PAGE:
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POSTED ON 4.11.2024
POSTED BY: John Fabris

honoring you.....

War drew us from our homeland
In the sunlit springtime of our youth.
Those who did not come back alive remain
in perpetual springtime -- forever young --
And a part of them is with us always.
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POSTED ON 4.3.2023
POSTED BY: Lucy Micik

Thank You

Dear Lcpl David Zywicke, Thank you for your service as a Mortarman. You are the last person on the wall, and my last posting. Be at peace. Saying thank you isn't enough, but it is from the heart. Yesterday was Palm Sunday, and it is Holy Week. Time passes quickly. Please watch over America, it stills needs your strength, courage, guidance, and faithfulness, especially now. Rest in peace with the angels.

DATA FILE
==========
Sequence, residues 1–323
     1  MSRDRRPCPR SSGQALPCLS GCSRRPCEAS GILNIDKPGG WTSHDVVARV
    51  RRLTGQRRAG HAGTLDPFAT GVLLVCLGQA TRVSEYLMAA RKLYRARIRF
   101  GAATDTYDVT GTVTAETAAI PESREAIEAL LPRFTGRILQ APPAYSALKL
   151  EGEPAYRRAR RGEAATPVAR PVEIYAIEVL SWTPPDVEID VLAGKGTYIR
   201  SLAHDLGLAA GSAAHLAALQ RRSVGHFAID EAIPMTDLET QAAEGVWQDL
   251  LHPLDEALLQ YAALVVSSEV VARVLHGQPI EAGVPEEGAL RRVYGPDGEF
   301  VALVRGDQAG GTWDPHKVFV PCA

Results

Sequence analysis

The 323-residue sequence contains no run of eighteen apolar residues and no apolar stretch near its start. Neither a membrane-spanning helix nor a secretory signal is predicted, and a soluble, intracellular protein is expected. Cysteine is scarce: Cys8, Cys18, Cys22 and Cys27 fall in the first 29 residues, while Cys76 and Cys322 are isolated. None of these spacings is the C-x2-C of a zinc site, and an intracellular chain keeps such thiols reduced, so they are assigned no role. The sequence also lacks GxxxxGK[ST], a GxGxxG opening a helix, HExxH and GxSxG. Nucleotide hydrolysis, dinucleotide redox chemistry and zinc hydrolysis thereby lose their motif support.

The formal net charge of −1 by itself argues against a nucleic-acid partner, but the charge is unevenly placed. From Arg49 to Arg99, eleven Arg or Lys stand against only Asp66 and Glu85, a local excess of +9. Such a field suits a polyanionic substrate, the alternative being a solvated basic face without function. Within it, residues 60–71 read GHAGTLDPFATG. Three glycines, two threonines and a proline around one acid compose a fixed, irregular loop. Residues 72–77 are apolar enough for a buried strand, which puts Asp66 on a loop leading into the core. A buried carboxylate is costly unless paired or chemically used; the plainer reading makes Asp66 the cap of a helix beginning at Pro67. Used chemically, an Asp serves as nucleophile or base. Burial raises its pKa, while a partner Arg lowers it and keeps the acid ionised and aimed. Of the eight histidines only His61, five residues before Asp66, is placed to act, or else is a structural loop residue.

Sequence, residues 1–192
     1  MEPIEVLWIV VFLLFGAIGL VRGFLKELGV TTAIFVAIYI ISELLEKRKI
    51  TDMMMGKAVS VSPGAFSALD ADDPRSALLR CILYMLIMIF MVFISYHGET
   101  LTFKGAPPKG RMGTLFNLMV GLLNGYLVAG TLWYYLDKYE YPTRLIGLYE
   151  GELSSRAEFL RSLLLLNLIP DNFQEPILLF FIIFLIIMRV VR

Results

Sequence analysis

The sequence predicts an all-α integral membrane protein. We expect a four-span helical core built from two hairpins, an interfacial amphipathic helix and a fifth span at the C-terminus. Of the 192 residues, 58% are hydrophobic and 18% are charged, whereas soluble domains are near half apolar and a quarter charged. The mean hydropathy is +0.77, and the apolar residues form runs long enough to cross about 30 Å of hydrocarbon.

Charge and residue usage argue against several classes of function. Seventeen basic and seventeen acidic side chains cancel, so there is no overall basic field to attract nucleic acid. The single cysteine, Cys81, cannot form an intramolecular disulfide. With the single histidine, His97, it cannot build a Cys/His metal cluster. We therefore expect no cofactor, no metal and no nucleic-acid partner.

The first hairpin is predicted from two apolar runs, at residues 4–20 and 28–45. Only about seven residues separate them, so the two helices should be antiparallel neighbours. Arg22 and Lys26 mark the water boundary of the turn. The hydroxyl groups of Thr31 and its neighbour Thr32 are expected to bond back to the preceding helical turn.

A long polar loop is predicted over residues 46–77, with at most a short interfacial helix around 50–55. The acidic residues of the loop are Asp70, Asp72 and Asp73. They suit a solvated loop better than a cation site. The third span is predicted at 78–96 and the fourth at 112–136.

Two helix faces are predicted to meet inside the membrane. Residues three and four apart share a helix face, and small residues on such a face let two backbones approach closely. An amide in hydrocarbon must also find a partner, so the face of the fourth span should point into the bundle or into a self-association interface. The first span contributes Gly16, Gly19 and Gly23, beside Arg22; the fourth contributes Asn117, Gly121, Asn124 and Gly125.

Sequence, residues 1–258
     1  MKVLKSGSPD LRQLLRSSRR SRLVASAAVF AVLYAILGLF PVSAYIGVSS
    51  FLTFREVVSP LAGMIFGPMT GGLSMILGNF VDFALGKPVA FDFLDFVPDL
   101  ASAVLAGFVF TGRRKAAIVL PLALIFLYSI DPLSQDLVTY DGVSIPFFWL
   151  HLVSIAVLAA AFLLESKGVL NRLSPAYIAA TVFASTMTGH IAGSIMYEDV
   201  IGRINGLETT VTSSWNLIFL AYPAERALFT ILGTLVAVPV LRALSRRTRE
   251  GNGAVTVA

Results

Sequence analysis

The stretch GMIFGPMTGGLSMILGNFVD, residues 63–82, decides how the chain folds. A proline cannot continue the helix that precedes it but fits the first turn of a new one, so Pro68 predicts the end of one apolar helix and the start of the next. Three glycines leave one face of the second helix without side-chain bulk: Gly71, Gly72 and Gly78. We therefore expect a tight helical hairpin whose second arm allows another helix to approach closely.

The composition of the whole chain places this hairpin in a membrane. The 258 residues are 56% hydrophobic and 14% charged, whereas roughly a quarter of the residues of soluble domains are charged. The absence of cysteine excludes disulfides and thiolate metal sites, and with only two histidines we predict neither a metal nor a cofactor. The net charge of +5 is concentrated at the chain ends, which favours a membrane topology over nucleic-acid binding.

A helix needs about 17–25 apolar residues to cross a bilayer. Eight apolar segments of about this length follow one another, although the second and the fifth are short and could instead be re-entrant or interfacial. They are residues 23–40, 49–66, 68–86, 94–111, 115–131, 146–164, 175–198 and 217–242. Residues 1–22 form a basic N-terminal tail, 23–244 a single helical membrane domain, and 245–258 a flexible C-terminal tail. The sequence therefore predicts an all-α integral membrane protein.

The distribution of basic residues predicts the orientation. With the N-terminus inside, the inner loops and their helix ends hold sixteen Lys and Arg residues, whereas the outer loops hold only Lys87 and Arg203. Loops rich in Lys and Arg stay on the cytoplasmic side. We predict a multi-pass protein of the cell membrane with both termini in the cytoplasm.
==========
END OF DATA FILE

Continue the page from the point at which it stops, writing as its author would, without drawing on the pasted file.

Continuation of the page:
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POSTED ON 12.4.2018
POSTED BY: Dennis Wriston

I'm proud of our Vietnam Veterans

Lance Corporal David Lee Zywicke, Served with Company H, 2nd Battalion, 1st Marine Regiment, 1st Marine Division, Third Marine Amphibious Force.
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POSTED ON 8.3.2017

Final Mission of LCPL David L. Zywicke